Russia will fine U.S.-based tech giant Google because it failed to integrate a mandatory blacklist of sites into its architecture, as Russian law states that search engines are not to provide links to banned sites, Radio Liberty in Russian reports.
Google’s failure to abide by the rules, which was reported by the Russian communications watchdog Roskomnadzor, will cost it between $7,600 and $10,600 under the current legislation, which will probably not be that big of punishment for the multibillion dollar enterprise.
The demand to filter search query results was introduced in Russia in November 2017 as part of a crackdown on services facilitating access to banned websites.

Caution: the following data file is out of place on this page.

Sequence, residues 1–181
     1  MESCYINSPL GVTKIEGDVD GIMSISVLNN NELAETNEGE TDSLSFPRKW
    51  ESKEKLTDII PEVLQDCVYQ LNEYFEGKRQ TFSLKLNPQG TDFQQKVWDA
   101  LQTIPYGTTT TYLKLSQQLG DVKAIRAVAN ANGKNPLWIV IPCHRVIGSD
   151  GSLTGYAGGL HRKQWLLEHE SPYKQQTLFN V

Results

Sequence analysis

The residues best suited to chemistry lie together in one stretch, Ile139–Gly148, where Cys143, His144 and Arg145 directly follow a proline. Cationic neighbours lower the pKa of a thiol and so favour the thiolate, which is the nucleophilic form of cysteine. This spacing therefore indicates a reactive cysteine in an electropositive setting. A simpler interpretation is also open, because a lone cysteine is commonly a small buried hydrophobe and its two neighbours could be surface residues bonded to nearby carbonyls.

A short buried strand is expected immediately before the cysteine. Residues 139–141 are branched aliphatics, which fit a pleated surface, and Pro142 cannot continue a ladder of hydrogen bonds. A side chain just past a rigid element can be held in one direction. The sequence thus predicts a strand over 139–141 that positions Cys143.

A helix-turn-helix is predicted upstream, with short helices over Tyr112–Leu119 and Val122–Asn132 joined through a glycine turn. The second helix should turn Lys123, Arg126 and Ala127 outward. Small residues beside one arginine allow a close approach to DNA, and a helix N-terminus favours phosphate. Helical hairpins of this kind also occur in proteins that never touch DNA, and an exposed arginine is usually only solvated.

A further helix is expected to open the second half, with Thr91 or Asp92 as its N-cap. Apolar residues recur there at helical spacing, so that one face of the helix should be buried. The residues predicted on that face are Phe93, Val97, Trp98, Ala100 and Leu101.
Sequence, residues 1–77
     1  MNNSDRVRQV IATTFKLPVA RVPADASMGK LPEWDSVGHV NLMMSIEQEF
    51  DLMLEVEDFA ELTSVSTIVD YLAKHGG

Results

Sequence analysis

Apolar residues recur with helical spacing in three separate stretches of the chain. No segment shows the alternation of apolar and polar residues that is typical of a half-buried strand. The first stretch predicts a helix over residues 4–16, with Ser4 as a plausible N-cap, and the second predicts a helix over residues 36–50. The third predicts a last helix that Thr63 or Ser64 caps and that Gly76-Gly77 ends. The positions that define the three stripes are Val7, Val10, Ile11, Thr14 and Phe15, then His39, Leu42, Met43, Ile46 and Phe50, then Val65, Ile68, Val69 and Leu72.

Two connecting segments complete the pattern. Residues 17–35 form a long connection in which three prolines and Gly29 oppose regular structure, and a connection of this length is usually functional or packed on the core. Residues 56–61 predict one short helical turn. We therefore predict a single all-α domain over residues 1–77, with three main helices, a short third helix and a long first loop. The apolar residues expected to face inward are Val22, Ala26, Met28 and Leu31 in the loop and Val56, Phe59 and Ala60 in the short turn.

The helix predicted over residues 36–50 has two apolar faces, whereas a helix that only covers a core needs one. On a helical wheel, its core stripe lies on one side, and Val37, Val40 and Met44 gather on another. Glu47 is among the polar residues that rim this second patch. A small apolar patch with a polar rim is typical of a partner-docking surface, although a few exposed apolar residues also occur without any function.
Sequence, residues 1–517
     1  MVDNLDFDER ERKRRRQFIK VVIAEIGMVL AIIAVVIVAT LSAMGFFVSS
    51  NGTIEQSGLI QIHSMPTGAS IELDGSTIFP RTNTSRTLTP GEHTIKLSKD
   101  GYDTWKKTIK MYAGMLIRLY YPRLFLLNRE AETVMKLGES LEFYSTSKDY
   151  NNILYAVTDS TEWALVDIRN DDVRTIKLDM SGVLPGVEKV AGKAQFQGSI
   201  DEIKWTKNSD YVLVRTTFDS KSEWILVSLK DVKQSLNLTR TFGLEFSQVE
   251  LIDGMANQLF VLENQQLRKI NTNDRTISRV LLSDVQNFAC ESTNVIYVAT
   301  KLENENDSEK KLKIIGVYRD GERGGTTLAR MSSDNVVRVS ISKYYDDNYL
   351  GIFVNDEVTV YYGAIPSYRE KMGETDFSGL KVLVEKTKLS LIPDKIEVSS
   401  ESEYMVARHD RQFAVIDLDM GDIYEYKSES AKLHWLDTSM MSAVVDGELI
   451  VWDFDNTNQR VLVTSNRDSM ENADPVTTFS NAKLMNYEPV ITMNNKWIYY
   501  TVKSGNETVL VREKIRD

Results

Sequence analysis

The fines for violators were added to the Russian administrative code in September. Search engine operators had 30 days to comply with the rules or be punished. Some tech companies, including Russia’s Yandex and Mail.ru, had complied in due order.
According to Roskomnadzor, Google has a grace period to respond to the watchdog’s warning, before it can turn to the courts to authorize the fine.
This year, Russia’s telecommunications watchdog banned more than 1.8 million IP addresses that belong to Amazon and Google as part of its efforts to block messaging app Telegram over its refusal to provide Russian authorities access to their users’ chat logs.